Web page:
Fires. Floods. Pandemic. War. And now an energy crisis
These are wearing times for our communities, with households and businesses grappling with rising inflation and higher interest rates.
As one small business operator in my seat of Goldstein remarked to me this week, this makes COVID look easy. Meanwhile another grapples with operating costs for his small restaurant that are rising so fast he’s thinking of closing two or three days a week.
A wheel of saganaki cheese has gone from $140 to $280 in a few short months and is still rising. ‘How often can you reprint the menu,’ he asks? And that’s if he chooses to pass on the costs or, the grim alternative for a small business owner, suck them up.
This small Greek place took in $22,000 last week. A year ago that gross would have represented around $8500 in profit, he says. Now it’s just break even – if that.
Energy prices may be the final card that collapses small businesses like these, unless, they say, they can find certainty. Even if the price is high, you can plan for what you can see. Price volatility is the enemy.
Electricity poses a particular problem because businesses and households do not know what they are going to be charged until after they have used it.
So, what can we do?
This new Labor government, elected on a platform of ending the ‘Climate Wars’, finds itself grappling with an immediate crisis that also offers an opportunity to fix several flaws in the energy market.
In doing so, as an independent elected on a climate and integrity policy platform, I say there must be no backsliding or pandering to powerful fossil fuel interests.
I seek to be an honest broker. In doing so, I come to the role unencumbered but keenly aware of the challenges of influencing the habits of the major parties, guided by generations of behaviours and relationships.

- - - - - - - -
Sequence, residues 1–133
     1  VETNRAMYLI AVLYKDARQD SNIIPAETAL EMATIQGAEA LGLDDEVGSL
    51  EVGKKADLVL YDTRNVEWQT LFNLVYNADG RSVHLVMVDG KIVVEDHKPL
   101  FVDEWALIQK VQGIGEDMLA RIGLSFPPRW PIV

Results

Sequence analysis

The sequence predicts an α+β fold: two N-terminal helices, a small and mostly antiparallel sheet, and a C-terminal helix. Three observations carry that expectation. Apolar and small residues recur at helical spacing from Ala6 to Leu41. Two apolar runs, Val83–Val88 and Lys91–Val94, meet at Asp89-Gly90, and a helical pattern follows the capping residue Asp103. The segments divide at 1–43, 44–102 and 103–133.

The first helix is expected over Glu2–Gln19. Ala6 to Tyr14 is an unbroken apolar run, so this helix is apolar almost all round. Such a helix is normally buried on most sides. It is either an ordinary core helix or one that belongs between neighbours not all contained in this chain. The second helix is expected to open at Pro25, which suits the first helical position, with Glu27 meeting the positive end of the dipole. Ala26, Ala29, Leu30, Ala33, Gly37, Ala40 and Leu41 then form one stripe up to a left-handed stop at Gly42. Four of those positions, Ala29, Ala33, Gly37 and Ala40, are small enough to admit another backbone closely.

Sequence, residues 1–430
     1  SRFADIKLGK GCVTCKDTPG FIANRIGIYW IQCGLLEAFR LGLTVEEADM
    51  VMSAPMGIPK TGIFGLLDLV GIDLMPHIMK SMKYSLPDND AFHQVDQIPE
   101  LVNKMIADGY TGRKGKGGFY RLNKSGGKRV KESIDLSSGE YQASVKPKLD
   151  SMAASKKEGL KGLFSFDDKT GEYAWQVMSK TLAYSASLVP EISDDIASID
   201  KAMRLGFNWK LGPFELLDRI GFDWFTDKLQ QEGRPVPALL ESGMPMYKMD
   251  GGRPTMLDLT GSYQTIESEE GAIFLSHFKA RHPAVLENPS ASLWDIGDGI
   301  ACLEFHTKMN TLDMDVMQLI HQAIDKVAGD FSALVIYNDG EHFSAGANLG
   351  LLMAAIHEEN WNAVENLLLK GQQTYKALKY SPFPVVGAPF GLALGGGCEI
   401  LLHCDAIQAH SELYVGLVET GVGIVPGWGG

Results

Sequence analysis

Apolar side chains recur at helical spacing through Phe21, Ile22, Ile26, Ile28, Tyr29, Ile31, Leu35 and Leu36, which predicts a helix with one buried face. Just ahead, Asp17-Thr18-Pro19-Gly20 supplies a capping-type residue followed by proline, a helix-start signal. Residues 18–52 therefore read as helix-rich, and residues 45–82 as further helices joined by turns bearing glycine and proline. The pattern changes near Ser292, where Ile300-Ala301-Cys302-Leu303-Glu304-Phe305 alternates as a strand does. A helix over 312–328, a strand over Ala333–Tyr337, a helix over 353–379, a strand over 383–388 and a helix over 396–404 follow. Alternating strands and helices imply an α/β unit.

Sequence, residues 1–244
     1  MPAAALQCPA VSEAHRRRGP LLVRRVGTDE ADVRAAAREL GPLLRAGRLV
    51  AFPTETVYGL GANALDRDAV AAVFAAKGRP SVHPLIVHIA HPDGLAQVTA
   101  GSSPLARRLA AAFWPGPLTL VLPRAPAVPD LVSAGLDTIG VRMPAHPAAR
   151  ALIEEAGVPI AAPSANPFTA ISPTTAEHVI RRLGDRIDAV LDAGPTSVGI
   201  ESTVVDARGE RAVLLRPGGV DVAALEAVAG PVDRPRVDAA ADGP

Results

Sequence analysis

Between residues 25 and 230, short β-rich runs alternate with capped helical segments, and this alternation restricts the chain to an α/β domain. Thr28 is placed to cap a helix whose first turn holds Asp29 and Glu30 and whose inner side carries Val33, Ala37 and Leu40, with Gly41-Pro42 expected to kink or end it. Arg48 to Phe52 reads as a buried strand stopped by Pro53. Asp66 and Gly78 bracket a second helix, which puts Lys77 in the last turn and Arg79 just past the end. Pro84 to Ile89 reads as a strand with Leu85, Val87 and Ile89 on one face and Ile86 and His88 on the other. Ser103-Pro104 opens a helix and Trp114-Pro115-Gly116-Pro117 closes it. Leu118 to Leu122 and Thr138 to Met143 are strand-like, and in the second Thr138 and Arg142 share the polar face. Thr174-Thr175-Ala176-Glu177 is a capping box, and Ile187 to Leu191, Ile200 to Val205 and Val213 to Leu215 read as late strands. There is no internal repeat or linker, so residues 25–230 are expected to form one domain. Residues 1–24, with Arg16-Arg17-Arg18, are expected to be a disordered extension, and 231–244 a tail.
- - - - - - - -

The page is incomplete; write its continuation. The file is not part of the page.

It is a troublesome legacy that Scott Morrison’s indolence has bequeathed Anthony Albanese, along with the negative global impacts of Vladimir Putin’s criminal decision to make war on Ukraine.
It need not have been this way had the Coalition not spent more than a decade fighting and denying the science of climate change.
We could have had the clean, green and cheap energy to insulate us from the shocks of a global energy market whose vagaries we cannot control, and an electricity network fit for purpose.
But we are where we are.
Mr Albanese now has a big crisis and a big chance to stake his claim to making the difference between past folly and future energy security. Crises have their costs, but they also provide opportunities.
Businesses can manage somewhat higher costs if they can factor them into their budgets. What they cannot manage is uncertainty.
The government and the regulators are trying to fix that by enforcing a ceiling on energy prices and making sure the national energy market is fit for purpose, meaning producers and retailers cannot game the market.
A tax worth applauding
But that is only part of the story. We can fix the market at the same time, yielding long-term beneficial impact for consumers.
It’s not often to hear applause when a new tax is proposed, but that is exactly what happened when I suggested on the ABC’s Q&A on Thursday night that we should levy the multi-national gas exporters for the unexpected profits they are receiving as a consequence of Putin’s invasion of Ukraine.
It seems like common sense.
No one anticipated a major European conflict at this time. This is not money they had factored in; it should have no impact on the state of their businesses. Any argument about sovereign risk on the windfall is a furphy.
We should look at what these multi-nationals were making before the war and what they are making now and impose a Price Equalisation Levy on the difference.
The proceeds could be used for three purposes:
to insulate the neediest individuals, families and businesses in our community from the impact of sky-high electricity and fuel prices
to help make up for lost time in upgrading the network to manage wind and solar as well as to turbocharge storage capacity
to move households off gas, transferring the supply to business
I was heartened to hear Industry Minister Ed Husic state yesterday when asked about taxing the gas exporters that “everything is on the table”.
Never waste a crisis, especially when the political capital is on your side.
Zoe Daniel is the independent member for the Melbourne seat of Goldstein
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